The Skeptical Informer, March 2007, Volume 1, No. 2
The newsletter of the IT Skeptic. All the IT skeptical news that is fit to print... and then some!
This month the activity on the blog has revolved around three things: CMDB (topic du jour for IT it seems); the scope of ITIL change management; and the looming release of the V3 Refresh.
I must say the big disappointment of the month is continuing reports of training vendors furiously making hay while the sun shines: flogging V2 training to people with narry a word about the implications of V3.
The root of the problem lies deeper, with OGC and APMG studiously ignoring the problem. Possibly this is because of all the politics and disruption surrounding the outsourcing of accreditation and certification to APMG, but that is a reason not an excuse. The fact is there has been a total failure of governance here, with not one jot of guidance from the organisation which has at least a moral responsibility for the best interests of the ITIL consumer: OGC.
Coming a close second in failure to act is of course itSMF, which is proving once again that it does not exist to represent the interests of its members. As I have pointed out in a recent ITSM-Watch article "The Pillars of ITIL", it doesn't even claim to do so, but I believe that would come as a surprise to many members.
And then tawdry third are the perpetrators themselves. It beats me how some people sleep nights, but then there are many more time-share and used-car sales people who don't look too tired either. At a bare minimum, all ITIL certification and training vendors should be pointing out to prospective clients that there is some uncertainty over the status of V2 qualifications after the V3 ones come out. Oh sure, sure, everyone bangs on about how they will still be "recognised". That's like saying that after a currency devaluation your peso is still a peso.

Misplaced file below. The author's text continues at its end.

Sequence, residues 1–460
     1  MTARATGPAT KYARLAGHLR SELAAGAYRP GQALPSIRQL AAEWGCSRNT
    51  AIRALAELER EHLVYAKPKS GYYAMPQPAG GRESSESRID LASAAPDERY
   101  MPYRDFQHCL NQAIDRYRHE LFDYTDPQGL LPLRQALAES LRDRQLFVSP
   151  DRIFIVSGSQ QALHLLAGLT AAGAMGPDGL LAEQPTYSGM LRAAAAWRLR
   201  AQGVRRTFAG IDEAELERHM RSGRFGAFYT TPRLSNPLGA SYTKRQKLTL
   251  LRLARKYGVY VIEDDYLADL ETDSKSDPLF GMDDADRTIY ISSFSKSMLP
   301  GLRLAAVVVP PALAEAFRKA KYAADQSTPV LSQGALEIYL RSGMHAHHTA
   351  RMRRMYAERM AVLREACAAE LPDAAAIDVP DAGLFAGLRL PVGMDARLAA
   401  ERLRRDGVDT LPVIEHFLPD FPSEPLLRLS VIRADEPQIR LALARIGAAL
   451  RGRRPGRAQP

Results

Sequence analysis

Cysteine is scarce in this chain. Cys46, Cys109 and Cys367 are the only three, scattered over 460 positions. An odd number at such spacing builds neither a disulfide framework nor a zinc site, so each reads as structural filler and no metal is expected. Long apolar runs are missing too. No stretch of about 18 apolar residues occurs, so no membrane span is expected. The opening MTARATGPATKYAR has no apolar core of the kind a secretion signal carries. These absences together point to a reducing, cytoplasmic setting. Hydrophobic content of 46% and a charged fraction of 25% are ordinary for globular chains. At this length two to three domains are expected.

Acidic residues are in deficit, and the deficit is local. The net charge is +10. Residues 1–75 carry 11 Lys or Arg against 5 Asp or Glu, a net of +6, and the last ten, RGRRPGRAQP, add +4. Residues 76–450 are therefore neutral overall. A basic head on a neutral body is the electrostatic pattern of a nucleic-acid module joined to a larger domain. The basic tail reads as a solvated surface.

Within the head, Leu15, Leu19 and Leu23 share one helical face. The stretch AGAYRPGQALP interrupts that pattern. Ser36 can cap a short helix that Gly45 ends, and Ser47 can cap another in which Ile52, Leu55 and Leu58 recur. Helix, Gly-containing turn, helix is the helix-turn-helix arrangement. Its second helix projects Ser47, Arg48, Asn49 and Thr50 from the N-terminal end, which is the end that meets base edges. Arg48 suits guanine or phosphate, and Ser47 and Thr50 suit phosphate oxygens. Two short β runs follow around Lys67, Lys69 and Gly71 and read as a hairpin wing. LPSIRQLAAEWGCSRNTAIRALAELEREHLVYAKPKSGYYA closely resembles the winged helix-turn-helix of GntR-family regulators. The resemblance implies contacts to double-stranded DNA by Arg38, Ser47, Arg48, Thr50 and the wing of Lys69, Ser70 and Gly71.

It now appears that you will have to do bridging training before your V2 certifications count as a prerequisite for any V3 ones. Any training vendor that fails to mention that is defrauding their customer through mis-quoting the true cost.
Right now your $10,000 V2 Manager's certificate will stand you in good stead when job hunting. But if the IT job market ever goes back to being competitive again then it will be another story.
And most of all, nobody knows what the status of V2 Practitioners' certificates will be, as the whole practitioner structure is being torn down and re-done. Selling Practitioners' certification right now without explaining that is simply dishonest. The IT Swami sees a few class actions next year.
As a product ITIL is a Good Thing. It works. It is useful. Heck, it is GREAT. And I'm hoping the V3 books will be even better. What alarms me more is the management of the ecosystem that has sprung up around the books. Right now parts of the ecosystem are polluted by:
- secrecy in governance
- undeclared vested interests
- questionable trainer practices selling V2 certifications
- questionable vendor influence
- failure to adopt changes in "best practice for best practice"
- lack of independent user representation
These are the IT Skeptic's picks from the comments of March 2007. It was tough choosing; there was much good material this month. So after selecting for quality, I have gone for brevity:
Jill (ITSM.TV) (not verified)|
...Journalism thrives on anonymity, and always has...
Charles T. Betz |
...[I asked them] Do you see Change Management as